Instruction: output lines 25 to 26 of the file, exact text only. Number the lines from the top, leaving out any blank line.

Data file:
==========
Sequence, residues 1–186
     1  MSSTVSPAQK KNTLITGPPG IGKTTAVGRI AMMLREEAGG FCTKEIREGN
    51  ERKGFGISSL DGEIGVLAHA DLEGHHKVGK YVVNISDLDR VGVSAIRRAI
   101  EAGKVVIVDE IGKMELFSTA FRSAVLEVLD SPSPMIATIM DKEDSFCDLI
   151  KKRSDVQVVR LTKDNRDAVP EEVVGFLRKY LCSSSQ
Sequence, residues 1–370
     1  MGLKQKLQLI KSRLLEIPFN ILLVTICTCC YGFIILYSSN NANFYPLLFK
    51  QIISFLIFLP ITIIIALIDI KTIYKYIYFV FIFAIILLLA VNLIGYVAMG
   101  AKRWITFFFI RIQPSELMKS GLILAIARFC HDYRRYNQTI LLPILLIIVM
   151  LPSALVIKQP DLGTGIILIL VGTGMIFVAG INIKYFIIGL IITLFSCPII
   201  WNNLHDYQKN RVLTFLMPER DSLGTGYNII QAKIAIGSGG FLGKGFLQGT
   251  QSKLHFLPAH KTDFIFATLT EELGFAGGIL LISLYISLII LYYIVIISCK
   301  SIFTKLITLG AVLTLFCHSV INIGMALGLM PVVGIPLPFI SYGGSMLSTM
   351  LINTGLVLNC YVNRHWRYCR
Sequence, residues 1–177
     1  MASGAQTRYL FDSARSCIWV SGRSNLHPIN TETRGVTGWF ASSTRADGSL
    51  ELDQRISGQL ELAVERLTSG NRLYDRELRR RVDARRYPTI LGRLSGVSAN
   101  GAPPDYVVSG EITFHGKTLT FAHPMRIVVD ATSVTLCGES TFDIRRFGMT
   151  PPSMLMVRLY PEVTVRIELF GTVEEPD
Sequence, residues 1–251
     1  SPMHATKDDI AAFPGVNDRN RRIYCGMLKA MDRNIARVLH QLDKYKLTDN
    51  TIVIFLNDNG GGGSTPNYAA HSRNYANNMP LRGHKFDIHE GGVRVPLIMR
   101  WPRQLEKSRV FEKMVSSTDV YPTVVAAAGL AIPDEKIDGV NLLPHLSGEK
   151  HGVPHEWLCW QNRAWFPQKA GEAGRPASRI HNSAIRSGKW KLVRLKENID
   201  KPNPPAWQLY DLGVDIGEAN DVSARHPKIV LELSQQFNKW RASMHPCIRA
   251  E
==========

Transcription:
   201  KPNPPAWQLY DLGVDIGEAN DVSARHPKIV LELSQQFNKW RASMHPCIRA
   251  E